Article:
Context satisfaction. The results for context satisfaction moderation are shown in the middle portion of Figure 2. In contrast to the personal characteristics moderators, the largest proportion of significant context satisfaction moderators operate in the “front” part of the model, affecting the relationship between MPS and the psychological states. Forty-four percent of the tests performed here indicated significant moderation. Significant effects in the “back” part of the model tended to center on the more behaviorally-oriented outcomes, turnover cognitions and self-rated performance. This result might be a partial function of the tendency for context satisfaction to be most highly correlated with the more affective outcome variables of general and growth satisfaction, thus reducing the opportunity for moderation. However, turnover cognitions were also fairly well correlated with context satisfaction.

The results for security and social satisfaction ran counter to theoretical predictions, in that there was some tendency for managers who were lower on these facets to report that higher scope jobs induced more positive psychological states. Also, the relationship between experienced meaningfulness and self-rated performance was most negative among those who reported the most social satisfaction. The variance increments for these tests were in the 1-2% range, and the t’s ranged from 1.97 to 2.90.

Significant moderator effects for pay satisfaction were confined to the relationship between the psychological states and turnover cognitions. As predicted by the theory underlying the JCM, those who were most satisfied with pay thought less about quitting when they were experiencing favorable job-related psychological states. Turnover cognitions were essentially unrelated to psychological states among those who were less satisfied with their pay. Again, variance increments were in the 1-2% range, with t’s ranging from 2.02 to 2.42.

The moderator effects for supervisory satisfaction were the strongest, the most pervasive, and the most complicated in pattern. In essence, supervisory satisfaction negatively moderated the relationship between job scope and the psychological states, again running counter to JCM theory. That is, managers who reported less satisfaction with supervision were more likely to describe high MPS jobs as inducing positive psychological states. A similar moderator effect was observed for the relationship between MPS and the outcome variable of general satisfaction. Variance increments for these interactions averaged 2%. and t’s ranged from 2.36 to 3.95. On the other hand, an opposite moderating effect existed between the psychological states and performance (and, in one instance, turnover cognitions). That is, managers who were most satisfied with their bosses were most likely to rate their own performance highly when they reported favorable psychological states. Again, variance increments averaged 2%, with t’s ranging from 2.05 to 2.83.

Instrumentalities. The moderator effects for pay and promotion instrumentality are shown in the bottom portion of Figure 2. For pay instrumentality, significant effects can be observed in both the “front” and the “back” parts of the JCM. All of these moderator effects except those involving self-ratings of performance are negative effects. That is, lower perceived connections between pay and performance result in more positive relationships between MPS and the states and between the states and the outcomes. However, in both cases where pay instrumentality interacts with psychological states to predict performance the moderator effect is the opposite. That is, managers tended to respond to favorable psychological states with enhanced performance if pay was seen to be contingent on performance.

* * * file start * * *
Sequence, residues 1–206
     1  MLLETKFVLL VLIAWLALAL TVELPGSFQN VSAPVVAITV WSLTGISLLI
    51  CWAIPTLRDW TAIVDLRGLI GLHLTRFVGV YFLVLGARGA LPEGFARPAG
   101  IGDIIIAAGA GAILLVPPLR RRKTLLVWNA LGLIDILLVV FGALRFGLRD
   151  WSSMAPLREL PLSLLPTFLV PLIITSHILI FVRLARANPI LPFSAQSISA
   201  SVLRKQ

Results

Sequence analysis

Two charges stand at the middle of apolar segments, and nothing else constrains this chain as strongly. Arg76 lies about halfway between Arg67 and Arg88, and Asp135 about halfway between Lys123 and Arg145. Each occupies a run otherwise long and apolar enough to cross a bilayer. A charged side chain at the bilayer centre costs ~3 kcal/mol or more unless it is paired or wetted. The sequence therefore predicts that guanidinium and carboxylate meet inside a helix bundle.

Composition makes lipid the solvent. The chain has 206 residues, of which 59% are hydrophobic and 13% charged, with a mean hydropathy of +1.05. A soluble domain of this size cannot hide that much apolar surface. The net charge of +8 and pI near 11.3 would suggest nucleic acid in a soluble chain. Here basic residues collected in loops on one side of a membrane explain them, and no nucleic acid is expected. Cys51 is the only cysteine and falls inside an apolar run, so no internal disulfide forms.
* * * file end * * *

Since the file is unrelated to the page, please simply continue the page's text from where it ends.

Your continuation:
Significant moderator effects for promotion instrumentality were confined almost exclusively to the links between the psychological states and outcome variables. Increased knowledge of results boosted general and growth satisfaction and reduced turnover cognitions when promotions were not perceived to be related to performance. When promotions were seen as performance-contingent, meaningful and responsible work were both positively related to self-ratings of performance. The last interaction was the strongest in the study in terms of variance explained (|delta~|R.sup.2~ = .05, t = 3.88, p |is less than~ .001). Otherwise, variance increments for significant instrumentality interactions averaged about 2.5%, with t’s ranging from 1.95 to 3.38.


Returning to Fried and Ferris’s (1987) questions regarding the role of the psychological states, the following conclusions are supported. First, the psychological state knowledge of results is well tied to its corresponding job characteristic, feedback, and the psychological state of experienced responsibility is reasonably well tied to its corresponding job characteristic, autonomy. However, meaningfulness appears to receive some unique contribution from each of the five core job dimensions. It is possible that the strong similarity in the wording of the JDS measures of feedback and knowledge of results is responsible for this being the best supported model-specified connection. Second, the psychological states generally do occupy a formal mediating role between the job characteristics and the various outcome variables. Knowing the psychological impact of various job dimensions often enables us to do a better job of predicting the attitudinal and quasi-behavioral outcomes of those dimensions. One anomaly is growth satisfaction, which appeared to be directly responsive to several job dimensions. Third, for a given outcome variable, all three psychological states arc seldom necessary to maximize prediction. However, given all the outcomes, each state has its place, and none is so inferior as a predictor to warrant exclusion from the model.